Sunday, May 24, 2020

Review: Lion Cross Point

Lion Cross Point Lion Cross Point by Masatsugu Ono
My rating: 4 of 5 stars

I received a copy of this author's newly translated novel yesterday and felt chagrined I had not yet read this one, so I remedied that last night.

I saw a review that referred to this as "post-Murakami" and it does feel like it goes along with the shorter, character-driven novels I've read from Japan in the last few years, more often by female writers. It's also post-Murakami in the sense that it's all very much about reality and perception, no bonus moons or mysterious creatures here. Just the weirdness of humanity and nature.

The entire novel is told through the perspective of ten year old Takeru, returning to his mother's home. The reader is never told directly what has happened, and some pieces fall into pieces through what Takeru observes or remembers even if he doesn't understand (some because of age, some because of trauma.)

I also learned from this novel that there is a Tokyo accent. There is an interesting town vs. rural dynamic going on here, but instead of it being people looking down on the small rural town, it's very much the small town people being a bit disdainful of those in Tokyo.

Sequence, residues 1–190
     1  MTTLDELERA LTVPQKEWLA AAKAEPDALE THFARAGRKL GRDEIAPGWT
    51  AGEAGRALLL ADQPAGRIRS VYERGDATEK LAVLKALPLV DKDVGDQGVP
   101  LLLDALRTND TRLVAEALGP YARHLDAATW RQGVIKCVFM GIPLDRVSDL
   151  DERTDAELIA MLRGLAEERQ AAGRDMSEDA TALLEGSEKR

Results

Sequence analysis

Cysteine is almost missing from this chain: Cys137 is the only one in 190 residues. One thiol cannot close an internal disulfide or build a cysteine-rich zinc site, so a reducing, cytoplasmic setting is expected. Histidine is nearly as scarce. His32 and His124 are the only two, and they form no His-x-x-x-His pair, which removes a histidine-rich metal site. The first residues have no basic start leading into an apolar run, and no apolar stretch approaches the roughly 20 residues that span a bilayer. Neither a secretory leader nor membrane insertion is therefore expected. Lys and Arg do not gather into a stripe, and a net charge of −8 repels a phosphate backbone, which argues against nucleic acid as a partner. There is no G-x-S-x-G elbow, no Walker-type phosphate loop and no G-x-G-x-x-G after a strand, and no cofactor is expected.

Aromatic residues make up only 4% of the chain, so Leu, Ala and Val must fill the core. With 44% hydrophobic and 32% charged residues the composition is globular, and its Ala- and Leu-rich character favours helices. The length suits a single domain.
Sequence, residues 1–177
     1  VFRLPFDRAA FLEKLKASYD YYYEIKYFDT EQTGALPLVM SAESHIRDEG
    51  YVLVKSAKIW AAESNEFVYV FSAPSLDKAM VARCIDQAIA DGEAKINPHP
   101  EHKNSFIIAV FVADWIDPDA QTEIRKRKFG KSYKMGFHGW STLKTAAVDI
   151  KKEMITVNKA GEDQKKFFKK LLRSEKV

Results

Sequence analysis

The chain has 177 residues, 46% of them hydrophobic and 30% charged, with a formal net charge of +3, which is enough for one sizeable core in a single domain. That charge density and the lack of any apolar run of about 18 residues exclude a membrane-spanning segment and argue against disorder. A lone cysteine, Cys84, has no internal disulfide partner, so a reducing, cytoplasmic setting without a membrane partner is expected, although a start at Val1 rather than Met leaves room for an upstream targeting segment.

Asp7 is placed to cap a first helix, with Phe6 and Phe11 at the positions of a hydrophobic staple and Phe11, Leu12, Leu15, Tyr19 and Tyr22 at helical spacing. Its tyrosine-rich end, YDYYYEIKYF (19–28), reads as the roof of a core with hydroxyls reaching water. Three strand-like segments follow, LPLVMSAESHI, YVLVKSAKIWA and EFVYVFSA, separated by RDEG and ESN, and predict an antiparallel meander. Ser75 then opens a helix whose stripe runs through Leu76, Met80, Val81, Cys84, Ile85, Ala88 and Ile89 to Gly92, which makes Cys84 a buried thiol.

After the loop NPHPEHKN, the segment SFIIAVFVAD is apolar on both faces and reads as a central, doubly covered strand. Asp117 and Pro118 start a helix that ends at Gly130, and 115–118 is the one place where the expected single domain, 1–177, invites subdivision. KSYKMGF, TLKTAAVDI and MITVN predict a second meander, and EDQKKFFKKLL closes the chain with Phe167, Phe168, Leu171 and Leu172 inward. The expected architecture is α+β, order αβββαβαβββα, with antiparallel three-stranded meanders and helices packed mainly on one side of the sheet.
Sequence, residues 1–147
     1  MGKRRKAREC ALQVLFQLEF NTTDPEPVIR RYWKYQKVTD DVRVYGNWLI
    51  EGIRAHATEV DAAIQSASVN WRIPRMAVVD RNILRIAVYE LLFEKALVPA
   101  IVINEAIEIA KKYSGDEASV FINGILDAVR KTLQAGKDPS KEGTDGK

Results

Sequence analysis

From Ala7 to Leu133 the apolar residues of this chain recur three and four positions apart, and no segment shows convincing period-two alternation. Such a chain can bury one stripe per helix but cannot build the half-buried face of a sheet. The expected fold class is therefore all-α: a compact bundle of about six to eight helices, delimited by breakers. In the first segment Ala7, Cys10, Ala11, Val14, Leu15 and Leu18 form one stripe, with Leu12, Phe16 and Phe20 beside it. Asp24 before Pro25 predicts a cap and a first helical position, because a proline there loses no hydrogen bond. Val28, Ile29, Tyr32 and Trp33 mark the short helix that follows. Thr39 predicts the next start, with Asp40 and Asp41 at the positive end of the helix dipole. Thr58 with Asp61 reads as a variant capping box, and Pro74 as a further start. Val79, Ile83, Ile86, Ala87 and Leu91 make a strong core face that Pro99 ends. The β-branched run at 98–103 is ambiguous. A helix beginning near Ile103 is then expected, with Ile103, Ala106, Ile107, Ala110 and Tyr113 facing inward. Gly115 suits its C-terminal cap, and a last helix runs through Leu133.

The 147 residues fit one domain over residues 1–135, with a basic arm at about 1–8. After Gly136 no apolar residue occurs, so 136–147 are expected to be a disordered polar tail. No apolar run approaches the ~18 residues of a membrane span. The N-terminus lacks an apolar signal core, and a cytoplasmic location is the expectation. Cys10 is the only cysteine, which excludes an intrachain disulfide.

Support small presses! I subscribe to Two Lines Press and they send me books every year along the way so really we both benefit. They do important translation work and are able to bring attention to authors that we wouldn't know about otherwise. You can follow the link I already provided to just buy their books too; this is a terribly difficult time for our independent presses and we must do what we can.

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